(Credit: John Fedele / Getty Images)
A first-of-its-kind advisory council is giving Maine’s assisted living community, nursing home and home health direct care workers a voice in policy decisions affecting them.
A 14-member Direct Care & Support Professional Advisory Council, the result of a recommendation from a report released last week by the Maine Long-Term Care Ombudsman Program, is being assembled to advise state agencies on recruitment and retention efforts in long-term care. Workforce issues are the biggest challenges facing the industry across the country.
The report, based on focus groups of 58 direct care workers from across the state, found that the workers primarily are concerned about burnout and worker shortages, which have been exacerbated by the pandemic. Maine-based multiplatform branding and behavior change agency Ethos was commissioned by the state to conduct the focus groups last fall as part of the “Engage and Empower Direct Care Workers Initiative” sponsored by the ombudsman program.
Maine Health Care Association President and CEO Angela Westhoff told McKnight’s Senior Living that direct care workers have demonstrated their dedication over the past two years, logging many hours during the pandemic.
“As we address staffing challenges across the healthcare spectrum in Maine, now is the time to ensure we value the input of those doing the work,” Westhoff said. “Their collective experience is important to recruitment and retention efforts, and the direct care worker voice will be amplified with the formation of the council.” The MHCA is the state affiliate of the American Health Care Association / National Center for Assisted Living.
Advisory council representation
Maine Long-Term Care Ombusdman Program Executive Director Brenda Gallant told McKnight’s Senior Living that the workforce advisory council will be composed entirely of direct care and direct support professionals from across the state. The goal, she said, is to ensure representation from all long-term services and supports settings, geographies, genders, races, citizenship status and job classifications.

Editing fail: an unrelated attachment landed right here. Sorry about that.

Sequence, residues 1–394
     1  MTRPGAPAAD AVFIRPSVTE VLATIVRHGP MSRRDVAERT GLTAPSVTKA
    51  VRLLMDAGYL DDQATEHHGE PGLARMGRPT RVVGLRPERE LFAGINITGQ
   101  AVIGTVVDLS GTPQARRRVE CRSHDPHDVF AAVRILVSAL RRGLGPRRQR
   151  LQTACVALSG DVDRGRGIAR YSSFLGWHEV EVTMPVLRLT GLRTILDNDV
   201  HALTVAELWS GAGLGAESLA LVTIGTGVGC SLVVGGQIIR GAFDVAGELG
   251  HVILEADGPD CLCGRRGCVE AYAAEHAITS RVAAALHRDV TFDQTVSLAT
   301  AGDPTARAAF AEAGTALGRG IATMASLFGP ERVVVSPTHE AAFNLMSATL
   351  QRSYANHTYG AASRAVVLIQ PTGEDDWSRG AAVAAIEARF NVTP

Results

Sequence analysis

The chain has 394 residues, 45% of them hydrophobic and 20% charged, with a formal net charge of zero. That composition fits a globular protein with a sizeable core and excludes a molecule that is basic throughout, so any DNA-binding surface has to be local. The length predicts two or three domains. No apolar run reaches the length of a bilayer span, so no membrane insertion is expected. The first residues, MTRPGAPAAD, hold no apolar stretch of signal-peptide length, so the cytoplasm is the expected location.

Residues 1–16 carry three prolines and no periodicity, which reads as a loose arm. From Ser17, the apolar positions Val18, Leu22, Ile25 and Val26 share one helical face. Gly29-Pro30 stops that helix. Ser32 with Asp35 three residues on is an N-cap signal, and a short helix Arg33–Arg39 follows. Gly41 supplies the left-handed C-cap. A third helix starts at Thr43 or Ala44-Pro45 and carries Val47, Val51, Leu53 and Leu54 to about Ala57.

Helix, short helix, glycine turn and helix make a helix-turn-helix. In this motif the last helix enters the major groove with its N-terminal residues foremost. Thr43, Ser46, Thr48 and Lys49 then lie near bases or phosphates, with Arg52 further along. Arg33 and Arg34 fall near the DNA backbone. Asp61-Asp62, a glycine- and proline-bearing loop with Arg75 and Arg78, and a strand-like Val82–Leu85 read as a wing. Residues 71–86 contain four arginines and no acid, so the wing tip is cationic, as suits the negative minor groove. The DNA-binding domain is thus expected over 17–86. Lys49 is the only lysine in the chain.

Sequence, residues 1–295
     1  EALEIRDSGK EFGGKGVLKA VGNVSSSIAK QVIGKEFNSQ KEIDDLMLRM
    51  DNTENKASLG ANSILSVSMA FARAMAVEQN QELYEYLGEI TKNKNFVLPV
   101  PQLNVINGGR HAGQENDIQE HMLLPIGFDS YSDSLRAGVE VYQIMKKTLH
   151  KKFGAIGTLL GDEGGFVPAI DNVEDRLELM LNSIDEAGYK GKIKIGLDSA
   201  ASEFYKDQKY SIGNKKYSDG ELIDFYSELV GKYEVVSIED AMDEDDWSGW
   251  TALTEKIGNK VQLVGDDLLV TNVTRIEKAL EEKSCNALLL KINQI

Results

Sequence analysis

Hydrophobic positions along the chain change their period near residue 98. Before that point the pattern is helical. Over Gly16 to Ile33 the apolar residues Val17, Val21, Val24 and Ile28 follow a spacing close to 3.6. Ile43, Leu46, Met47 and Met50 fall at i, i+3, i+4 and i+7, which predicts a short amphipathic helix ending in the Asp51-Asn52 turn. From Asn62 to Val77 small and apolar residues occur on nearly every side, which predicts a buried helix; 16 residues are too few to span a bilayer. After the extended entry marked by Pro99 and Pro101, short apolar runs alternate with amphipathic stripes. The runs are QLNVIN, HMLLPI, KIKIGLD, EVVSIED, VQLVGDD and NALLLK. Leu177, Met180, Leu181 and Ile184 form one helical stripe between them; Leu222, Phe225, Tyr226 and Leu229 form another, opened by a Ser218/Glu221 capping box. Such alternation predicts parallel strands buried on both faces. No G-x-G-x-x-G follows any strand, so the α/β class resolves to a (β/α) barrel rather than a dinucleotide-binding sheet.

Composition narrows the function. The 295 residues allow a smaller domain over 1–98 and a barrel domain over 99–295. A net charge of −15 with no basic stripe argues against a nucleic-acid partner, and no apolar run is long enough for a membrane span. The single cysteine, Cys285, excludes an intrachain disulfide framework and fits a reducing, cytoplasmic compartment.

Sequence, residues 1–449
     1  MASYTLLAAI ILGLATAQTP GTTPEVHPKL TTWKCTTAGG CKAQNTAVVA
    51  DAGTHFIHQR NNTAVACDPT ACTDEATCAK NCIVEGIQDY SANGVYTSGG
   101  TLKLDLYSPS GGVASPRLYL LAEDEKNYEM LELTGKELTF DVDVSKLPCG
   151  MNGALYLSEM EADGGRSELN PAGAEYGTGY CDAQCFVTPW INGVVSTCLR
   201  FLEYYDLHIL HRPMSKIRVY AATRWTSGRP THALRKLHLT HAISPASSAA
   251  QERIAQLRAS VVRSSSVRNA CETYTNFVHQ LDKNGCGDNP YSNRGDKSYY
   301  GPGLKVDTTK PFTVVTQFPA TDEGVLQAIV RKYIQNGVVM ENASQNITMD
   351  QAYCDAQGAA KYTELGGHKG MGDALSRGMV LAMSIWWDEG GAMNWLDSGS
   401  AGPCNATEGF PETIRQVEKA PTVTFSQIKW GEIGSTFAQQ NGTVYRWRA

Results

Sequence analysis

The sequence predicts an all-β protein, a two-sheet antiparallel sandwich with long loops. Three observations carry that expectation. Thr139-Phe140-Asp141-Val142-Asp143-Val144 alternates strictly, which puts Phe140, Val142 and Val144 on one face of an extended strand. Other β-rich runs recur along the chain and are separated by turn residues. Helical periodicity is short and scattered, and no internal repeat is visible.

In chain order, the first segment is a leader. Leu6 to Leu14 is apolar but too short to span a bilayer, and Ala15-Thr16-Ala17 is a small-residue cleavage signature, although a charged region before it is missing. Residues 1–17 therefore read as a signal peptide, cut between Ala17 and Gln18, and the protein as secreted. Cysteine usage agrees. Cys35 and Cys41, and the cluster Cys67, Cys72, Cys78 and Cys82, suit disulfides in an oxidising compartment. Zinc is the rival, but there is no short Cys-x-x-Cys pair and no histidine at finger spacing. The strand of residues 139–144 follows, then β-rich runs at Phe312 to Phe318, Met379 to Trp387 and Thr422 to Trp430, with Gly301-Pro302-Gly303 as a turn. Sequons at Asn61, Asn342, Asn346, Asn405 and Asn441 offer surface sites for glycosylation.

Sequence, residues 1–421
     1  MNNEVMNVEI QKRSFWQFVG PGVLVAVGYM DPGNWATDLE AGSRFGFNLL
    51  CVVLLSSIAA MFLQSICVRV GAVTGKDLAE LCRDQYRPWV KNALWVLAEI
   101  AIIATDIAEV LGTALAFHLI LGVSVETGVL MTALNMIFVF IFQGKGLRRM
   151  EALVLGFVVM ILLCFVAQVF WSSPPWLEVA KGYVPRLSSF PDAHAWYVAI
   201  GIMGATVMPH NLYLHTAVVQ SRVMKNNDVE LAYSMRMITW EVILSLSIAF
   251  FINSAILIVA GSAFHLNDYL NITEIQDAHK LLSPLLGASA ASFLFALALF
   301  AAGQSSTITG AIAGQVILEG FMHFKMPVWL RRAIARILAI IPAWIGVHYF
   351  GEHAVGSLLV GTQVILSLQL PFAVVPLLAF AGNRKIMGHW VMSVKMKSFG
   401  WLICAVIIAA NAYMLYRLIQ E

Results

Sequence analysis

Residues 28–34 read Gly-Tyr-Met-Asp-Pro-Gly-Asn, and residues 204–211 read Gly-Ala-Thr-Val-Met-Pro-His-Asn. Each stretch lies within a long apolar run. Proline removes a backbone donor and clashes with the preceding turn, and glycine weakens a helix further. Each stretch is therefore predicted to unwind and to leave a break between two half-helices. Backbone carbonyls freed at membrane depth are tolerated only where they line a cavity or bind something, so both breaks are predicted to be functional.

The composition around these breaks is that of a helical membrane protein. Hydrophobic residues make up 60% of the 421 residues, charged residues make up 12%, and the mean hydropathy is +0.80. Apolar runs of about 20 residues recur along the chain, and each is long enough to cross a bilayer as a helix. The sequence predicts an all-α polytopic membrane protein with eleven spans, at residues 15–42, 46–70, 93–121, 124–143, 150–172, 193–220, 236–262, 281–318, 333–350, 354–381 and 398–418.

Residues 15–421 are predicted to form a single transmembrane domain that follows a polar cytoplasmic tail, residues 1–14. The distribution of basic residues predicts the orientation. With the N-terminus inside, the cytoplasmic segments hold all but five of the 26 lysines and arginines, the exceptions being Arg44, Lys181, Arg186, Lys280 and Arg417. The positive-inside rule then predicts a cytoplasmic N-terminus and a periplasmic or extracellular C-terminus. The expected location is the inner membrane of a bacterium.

The report cites certified nursing assistants, home health aides, personal support specialists, personal care attendants, independent support services staff, direct support professionals, and mental health rehabilitation technicians working in assisted living communities, nursing facilities, assisted housing programs, adult family care homes, programs for people with intellectual disabilities, programs for people with brain injuries, home health and other home care agencies, and individuals who supervise their own LTSS.
Gallant anticipates that the workforce advisory council will begin meeting next month and will work with national organization PHI to develop training to support people in their new role as council members.
“The purpose of the council is to provide an opportunity and support for direct care and direct support professionals to have a strong collective voice so they can advocate,” Gallant said. “What I hope the council [members] will do is share their perspective with the Department of Labor — with respect to workforce initiatives — and be a forum to weigh in with providers around what’s important to them.”
What direct care workers want
Along with the forming of the workforce advisory council, the report also recommends elevating the status of direct care workers, creating a documentary of a “day in the life” of a direct care professional, standardizing job descriptions, providing feedback to employers, providing career paths and partnering with community colleges to develop training programs.
Fair wages, adequate support, proactive communication, training and consistent care standards were the top asks from direct care workers participating in the focus groups. Staff members said that barriers to achieving success in the direct care field included difficulty maintaining personal boundaries, the effects of work on their personal lives, and state regulations.
“Arguably, the direct care worker shortage has reached crisis proportions with potential deleterious effects to those requiring higher levels of care,” the study concluded.